A man passes by a Wachovia Bank branch October 2, 2008 in Washington, DC.
A man passes by a Wachovia Bank branch October 2, 2008 in Washington, DC. - 
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Kai Ryssdal: Five short days ago you could've bought one of the banks at the heart of the subprime mess for a relative song. Wachovia has billions of dollars in lousy mortgage debt on its books. But literally overnight it's become a hot property. From North Carolina Public Radio, Marketplace's Janet Babin reports.

Janet Babin: Wells Fargo offered more than $15 billion for Wachovia today. There's just one problem. Citigroup claims it already had a deal to buy Wachovia's banking operations for just over $2 billion. At that price, Wachovia shares would be worth about $1. Wachovia shareholders, like Mark Beck, were outraged by the deal. So he started WachoviaVoteNo.com. It's had more than 100,000 hits.

Mark Beck: The Web site was a gathering place for just a complete shareholder revolt.

Angry shareholders say Wachovia's worth more, even with all its toxic assets. Christopher Whalen is managing director at Institutional Risk Analytics. He says the dueling offers might mean the government should rethink the bailout plan.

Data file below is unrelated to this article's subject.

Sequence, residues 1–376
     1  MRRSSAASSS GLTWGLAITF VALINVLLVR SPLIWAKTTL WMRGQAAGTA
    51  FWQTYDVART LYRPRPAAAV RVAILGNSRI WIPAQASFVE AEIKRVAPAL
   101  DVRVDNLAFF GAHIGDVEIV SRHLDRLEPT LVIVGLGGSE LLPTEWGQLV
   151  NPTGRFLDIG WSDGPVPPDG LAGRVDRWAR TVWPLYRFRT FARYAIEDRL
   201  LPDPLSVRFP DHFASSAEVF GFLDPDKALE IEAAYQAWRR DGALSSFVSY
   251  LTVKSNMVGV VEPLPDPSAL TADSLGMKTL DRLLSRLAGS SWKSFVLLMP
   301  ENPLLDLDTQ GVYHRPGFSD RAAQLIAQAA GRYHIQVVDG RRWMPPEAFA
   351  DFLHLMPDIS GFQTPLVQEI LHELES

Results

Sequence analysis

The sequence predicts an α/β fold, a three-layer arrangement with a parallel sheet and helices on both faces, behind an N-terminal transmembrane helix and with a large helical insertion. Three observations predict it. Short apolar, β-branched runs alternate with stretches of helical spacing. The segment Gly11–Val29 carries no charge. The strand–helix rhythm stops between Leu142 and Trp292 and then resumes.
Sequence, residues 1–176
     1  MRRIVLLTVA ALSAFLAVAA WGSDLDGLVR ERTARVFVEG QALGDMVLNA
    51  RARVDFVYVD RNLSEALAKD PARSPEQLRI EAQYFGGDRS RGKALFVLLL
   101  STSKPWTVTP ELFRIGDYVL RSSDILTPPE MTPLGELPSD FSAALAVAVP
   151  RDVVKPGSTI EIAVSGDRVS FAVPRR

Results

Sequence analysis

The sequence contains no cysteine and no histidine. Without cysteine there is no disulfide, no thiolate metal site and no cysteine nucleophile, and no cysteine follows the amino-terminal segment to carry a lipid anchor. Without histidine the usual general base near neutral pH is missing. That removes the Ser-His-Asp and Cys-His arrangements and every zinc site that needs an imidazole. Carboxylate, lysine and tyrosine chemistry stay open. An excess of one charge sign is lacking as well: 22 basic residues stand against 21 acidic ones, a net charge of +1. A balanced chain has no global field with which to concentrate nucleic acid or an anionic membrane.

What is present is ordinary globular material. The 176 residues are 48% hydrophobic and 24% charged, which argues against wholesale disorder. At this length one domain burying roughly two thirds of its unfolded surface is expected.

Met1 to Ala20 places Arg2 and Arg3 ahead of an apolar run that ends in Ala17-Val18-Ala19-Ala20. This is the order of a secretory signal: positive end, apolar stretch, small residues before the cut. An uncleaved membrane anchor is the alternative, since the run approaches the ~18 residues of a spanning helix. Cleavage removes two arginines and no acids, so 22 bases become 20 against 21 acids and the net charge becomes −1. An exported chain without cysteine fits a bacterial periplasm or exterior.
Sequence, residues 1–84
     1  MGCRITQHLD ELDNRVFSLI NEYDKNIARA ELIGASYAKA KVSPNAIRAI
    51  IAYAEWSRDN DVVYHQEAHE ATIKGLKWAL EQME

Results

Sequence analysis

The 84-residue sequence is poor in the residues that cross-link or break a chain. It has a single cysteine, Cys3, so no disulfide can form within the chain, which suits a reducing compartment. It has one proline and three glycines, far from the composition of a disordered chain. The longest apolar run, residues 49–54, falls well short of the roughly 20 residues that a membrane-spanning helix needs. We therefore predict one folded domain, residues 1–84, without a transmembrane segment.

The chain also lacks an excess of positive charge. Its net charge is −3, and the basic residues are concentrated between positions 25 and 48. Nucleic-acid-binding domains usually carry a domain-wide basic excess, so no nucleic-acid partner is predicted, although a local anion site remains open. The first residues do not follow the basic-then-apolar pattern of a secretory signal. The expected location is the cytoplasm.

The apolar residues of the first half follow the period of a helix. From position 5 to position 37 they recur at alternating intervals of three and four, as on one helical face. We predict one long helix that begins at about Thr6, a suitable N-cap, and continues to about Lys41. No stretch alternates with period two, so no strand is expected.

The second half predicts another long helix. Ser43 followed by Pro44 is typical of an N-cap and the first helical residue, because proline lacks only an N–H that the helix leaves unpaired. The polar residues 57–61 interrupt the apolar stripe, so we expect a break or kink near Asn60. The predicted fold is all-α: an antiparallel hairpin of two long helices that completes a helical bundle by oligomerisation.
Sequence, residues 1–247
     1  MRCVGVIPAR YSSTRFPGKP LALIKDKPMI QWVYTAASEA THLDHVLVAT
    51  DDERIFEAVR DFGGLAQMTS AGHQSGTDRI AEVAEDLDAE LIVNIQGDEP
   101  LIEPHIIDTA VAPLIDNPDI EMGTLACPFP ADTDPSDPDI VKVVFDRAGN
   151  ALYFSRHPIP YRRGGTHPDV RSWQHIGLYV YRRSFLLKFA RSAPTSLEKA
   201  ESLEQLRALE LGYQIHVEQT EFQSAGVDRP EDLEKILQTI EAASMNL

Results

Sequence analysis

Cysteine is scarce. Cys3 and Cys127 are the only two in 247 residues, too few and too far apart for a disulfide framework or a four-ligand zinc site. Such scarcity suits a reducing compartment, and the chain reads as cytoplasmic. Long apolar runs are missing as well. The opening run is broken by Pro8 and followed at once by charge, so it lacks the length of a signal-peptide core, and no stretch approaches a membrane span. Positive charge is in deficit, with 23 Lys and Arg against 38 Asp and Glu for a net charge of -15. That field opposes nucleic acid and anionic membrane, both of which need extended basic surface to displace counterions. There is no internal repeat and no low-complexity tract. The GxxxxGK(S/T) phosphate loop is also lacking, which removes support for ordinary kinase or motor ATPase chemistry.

Christopher Whalen: I think it's demonstrated that there is a private market out there that cares about these assets very much.

That includes superstar investor Warren Buffett, the largest owner of Wells Fargo stock. He's been scooping up financial stocks at bargain prices. Robert Hegarty is managing director at Tower Group.

Robert Hegarty: He's an active investor and he understands the financial markets better than most investors do.

Citi says it may sue to force its deal. But Whalen says, bad idea. That's because the FDIC is involved. Under the Citi deal, the government agreed to take on some of Wachovia's debt.

Whalen: If I were the Citi guys, I'd think about all this before I started engaging lawyers. They can't sue the FDIC.

The FDIC said today, it stands behind Wachovia's original deal with Citigroup.

I'm Janet Babin for Marketplace.